[Update: It looks like XP and Vista users will also get presented with a ballot screen – not sure how Microsoft Update will determine that we are in Europe though… IP address? Product SKU?]

Microsoft surrenders to the bureaucrats in Brussels

A few days back I commented about the madness that is going on in Europe with the European Commission taking up the case of a minority web browser company and making life difficult for Microsoft in the courts.

Let’s get this straight: Opera may be a fine browser but, as far as I can tell, almost no-one uses it on the desktop. Part of the reason for this is that, long after most other browsers became free, Opera were still charging users so they failed to capitalise when Firefox grew its market share at the expense of Internet Explorer. Basically, Opera’s business strategy failed… so they went to court and other minority browser vendors piled in (e.g. Google).

As a result of componentisation of Windows, Microsoft gave us the ability to uninstall Internet Explorer from Windows 7 but that wasn’t enough for the bureaucrats in Brussels so now, in order to avoid costly delays in shipping Windows 7 as a result of legal action, Microsoft has decided to offer an E edition of Windows 7 in Europe, without Internet Explorer.

As I wrote last week:

“Personally, I would like to install Windows quickly with the least possible user interaction. Then, once the base operating system is installed, I’d like to select roles/features (as I do for Windows Server 2008) and install any third party software that I choose – independently of the Windows setup routine. If we have to have something to please the minority browsers (Opera, Chrome, Safari, etc.) then Windows already lets me choose search providers, media players, mail clients, etc. – why not use the same mechanism for browsers?”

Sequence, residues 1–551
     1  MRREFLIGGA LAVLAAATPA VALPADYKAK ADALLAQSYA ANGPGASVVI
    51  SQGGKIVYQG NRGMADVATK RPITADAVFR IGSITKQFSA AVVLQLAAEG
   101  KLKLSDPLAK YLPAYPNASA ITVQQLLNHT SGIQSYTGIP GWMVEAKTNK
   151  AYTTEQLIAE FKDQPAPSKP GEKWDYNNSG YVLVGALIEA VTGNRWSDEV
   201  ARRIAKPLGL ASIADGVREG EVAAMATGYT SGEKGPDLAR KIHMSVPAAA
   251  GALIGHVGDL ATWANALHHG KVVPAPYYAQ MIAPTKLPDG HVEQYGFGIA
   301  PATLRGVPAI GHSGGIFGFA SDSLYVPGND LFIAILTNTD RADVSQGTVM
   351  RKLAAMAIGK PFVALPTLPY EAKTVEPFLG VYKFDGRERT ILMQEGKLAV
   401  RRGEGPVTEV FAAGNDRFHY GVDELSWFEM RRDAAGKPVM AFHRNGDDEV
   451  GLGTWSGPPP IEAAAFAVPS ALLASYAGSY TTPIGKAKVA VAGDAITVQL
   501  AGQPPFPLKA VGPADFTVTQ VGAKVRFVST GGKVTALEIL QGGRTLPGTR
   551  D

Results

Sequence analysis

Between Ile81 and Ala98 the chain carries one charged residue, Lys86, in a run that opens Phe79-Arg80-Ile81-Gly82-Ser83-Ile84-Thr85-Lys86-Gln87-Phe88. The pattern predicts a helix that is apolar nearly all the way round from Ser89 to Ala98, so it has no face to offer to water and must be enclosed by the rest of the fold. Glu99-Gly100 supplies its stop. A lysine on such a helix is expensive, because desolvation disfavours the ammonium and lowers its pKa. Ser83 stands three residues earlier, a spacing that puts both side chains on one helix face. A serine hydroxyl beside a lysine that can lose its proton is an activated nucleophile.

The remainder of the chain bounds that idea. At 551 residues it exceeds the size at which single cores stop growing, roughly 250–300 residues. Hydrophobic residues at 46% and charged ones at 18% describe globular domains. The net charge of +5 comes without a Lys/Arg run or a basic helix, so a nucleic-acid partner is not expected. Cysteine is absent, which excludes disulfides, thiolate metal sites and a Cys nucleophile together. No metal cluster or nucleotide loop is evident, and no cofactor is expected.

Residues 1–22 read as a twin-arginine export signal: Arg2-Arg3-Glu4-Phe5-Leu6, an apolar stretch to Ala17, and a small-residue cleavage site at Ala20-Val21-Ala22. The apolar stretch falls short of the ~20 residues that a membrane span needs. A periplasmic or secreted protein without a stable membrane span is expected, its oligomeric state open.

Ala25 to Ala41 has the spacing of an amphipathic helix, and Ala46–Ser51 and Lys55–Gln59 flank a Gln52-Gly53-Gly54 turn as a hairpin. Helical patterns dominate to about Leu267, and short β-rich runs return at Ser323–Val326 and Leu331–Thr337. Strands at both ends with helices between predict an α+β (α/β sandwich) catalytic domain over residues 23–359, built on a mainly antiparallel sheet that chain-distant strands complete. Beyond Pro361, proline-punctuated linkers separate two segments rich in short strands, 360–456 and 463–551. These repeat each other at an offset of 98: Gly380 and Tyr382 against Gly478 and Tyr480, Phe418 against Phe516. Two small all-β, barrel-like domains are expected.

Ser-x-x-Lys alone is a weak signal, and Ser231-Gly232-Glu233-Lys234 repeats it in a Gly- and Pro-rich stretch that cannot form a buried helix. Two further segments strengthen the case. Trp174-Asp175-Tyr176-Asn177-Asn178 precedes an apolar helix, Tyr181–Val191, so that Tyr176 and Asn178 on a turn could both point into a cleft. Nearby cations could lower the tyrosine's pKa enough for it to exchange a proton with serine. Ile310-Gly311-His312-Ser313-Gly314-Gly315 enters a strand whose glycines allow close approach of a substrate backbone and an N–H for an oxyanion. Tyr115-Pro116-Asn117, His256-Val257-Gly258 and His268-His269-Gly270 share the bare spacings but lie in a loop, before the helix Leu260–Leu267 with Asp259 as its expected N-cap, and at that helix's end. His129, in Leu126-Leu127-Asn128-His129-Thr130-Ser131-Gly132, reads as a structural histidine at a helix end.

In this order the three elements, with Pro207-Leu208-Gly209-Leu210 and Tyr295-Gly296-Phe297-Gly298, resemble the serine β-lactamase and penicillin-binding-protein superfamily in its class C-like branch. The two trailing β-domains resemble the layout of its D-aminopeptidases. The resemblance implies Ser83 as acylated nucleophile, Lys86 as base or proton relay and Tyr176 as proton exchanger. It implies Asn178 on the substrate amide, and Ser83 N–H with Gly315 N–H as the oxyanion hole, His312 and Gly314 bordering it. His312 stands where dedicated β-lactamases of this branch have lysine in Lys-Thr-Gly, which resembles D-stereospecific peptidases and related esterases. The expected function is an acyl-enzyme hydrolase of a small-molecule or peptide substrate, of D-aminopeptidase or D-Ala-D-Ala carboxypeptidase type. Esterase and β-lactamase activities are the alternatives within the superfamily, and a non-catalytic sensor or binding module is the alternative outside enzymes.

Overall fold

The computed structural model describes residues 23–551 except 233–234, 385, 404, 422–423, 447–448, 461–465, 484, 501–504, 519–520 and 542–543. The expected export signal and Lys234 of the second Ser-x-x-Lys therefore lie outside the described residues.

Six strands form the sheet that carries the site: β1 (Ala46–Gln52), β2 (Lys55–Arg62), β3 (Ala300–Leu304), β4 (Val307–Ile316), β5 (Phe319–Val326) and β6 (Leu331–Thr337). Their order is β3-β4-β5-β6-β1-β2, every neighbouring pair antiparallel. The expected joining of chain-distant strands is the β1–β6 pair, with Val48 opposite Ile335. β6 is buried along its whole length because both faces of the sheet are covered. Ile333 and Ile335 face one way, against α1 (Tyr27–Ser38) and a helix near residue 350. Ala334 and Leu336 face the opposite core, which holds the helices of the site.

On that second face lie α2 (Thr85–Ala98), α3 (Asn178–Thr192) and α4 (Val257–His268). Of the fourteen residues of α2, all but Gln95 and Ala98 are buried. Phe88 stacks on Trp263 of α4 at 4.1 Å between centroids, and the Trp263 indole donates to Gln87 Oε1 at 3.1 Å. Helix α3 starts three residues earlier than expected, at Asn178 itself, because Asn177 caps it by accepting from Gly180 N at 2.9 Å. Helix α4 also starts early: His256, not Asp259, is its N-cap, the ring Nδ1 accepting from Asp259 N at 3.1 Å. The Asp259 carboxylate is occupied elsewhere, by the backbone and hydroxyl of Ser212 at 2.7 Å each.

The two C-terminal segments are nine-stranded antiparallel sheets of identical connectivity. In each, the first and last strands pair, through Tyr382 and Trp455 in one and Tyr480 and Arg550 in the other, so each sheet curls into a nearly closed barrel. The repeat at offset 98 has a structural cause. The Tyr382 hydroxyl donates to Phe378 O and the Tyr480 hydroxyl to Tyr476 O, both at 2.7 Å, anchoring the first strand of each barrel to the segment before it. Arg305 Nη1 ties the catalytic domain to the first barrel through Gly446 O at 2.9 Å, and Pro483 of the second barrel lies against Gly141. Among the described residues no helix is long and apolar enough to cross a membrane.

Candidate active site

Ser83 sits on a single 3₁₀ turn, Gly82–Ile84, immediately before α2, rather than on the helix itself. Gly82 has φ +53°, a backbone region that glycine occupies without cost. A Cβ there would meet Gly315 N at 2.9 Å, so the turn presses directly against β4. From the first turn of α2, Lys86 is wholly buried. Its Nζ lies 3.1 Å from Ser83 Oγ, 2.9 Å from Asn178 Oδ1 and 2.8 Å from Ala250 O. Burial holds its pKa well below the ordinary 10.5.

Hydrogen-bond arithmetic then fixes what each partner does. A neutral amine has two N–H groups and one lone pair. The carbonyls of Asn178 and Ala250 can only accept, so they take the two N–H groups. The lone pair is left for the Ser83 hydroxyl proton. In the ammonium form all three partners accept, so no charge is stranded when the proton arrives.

Instead, I have multiple Windows versions for multiple markets. Thanks to the EU I have one version of Windows 7 in Europe and another for the rest of the world (what’s not clear is whether I can still buy the normal version in Europe, should I choose to do so). Gee, thanks. I’m glad to see my taxes are being used to tackle the real issues of the day… like financial meltdown, rising unemployment, global warming, world poverty…

It seems that, if I have a company with a product that no-one wants, I can go to the European Commission and have them stop the large, successful, companies from competing with me. Presumably Apple will stop shipping Safari with OS X and Linux distros in Europe will come without Firefox, etc.? No. I thought not.

The Pirate Party takes 7% of the vote in Sweden… meanwhile the European Commission wants Windows users to vote for their browser!

Last Friday saw the election of representatives to the European Parliament (MEPs) and the results were out today. Whilst this might not have the global impact of President Obama’s election in the United States, for the 375 million of us that live in the 27 EU member states (sorry, sovereign nations), it is pretty significant because, according to the eurosceptics, 75% of our national laws are passed down from Europe.

Here in the UK, minority parties faired well – partly as a protest against our own incumbent (or should that be incompetent?) Government and partly as a result of the proportional representation system that is used for the European elections. Whilst the UK Green party narrowly missed out on a third seat in South East England (but the far right British National Party gained significant support in the North of England…), it’s the result in Sweden that has perplexed me the most – 7.1% of Swedish voters said “yes” to the Pirate Party – formed in response to copyright laws and the impact of the Pirate Bay filesharing network!